The higher levels of prayer involve opening our very self, letting our innermost self go, letting our deepest notion of our self evaporate in favor of the Great Self of the sacred. The mystery is that it then becomes possible both to be fully ourselves and for the sacred to be fully us. We get out of the way and serve with the full complement of our skills and abilities, including our ability to be present. Only now, when we affirm presence, we are affirming the sacred in us, as us. It is the sacred that is present ó and us, both, and with no difference between the two. A thirteenth century kabbalist put it this way: that we seek to elevate ourselves through the power of our intention so that the higher will is clothed in our will, and not only so that our will is clothed in the higher will. [1]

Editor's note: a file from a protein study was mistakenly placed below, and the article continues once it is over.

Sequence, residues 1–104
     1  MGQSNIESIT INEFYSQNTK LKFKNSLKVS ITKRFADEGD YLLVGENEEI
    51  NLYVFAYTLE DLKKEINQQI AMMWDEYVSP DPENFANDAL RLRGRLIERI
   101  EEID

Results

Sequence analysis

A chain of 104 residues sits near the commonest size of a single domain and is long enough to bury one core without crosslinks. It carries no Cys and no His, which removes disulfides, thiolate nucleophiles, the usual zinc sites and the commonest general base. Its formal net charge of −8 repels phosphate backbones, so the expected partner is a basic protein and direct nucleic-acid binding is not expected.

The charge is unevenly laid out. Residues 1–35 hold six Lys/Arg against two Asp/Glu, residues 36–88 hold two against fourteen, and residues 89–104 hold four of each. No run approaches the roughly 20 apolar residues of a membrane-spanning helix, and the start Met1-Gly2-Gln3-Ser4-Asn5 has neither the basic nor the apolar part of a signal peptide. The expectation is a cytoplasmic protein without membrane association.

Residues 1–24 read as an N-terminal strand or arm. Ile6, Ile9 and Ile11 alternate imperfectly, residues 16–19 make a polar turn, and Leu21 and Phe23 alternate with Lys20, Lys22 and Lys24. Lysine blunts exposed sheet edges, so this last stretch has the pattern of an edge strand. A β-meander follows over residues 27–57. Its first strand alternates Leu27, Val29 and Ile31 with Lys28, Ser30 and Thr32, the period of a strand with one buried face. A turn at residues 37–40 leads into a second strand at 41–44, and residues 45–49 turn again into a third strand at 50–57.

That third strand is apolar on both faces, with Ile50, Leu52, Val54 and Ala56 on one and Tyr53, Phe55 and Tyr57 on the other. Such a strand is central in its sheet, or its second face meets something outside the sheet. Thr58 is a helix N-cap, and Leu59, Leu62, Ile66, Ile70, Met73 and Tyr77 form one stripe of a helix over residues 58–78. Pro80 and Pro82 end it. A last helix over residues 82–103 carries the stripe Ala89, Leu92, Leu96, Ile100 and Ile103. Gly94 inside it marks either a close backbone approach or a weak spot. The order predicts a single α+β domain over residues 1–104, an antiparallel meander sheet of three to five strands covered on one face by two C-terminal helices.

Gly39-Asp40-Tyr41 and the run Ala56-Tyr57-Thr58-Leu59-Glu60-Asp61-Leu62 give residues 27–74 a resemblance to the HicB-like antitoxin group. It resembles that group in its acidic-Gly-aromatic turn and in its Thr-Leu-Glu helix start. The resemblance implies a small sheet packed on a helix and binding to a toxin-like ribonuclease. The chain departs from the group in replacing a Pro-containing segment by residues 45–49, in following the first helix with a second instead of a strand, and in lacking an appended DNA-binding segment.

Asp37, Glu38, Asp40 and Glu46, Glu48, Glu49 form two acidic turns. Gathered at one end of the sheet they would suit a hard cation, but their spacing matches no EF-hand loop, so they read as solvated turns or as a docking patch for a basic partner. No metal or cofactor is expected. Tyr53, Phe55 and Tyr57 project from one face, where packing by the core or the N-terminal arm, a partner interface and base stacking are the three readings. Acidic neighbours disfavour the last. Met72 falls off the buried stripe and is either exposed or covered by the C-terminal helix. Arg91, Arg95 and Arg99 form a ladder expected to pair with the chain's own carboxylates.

A note of caution is worth putting in here. We are not talking about having the Divine Will manifest to us as a voice or urge telling us what to do. Almost always that inner voice is one of our own, not Godís. In our actions we maintain common sense, the golden rule, and adherence to the norms and laws of our society.

What we do want is simply to be, and to open the inner door of our being so as to allow the sacred to be in us, as us. This can also happen when we are doing something, with the whole of ourselves, with full awareness of ourselves and the action, and leaving ourselves as the source of the action out, letting the action flow through us. More on that in the next part of this series.

For this week, practice affirming the higher in your presence, in your being, by opening your innermost door and asking, begging, hoping for the sacred to enter. Allow the higher to affirm you. Allow the higher to affirm Itself in you. This is the road to Love.

[1] The Heart and the Fountain: An Anthology of Jewish Mystical Experiences, edited by Joseph Dan (New York: Oxford University Press, 2003), p. 119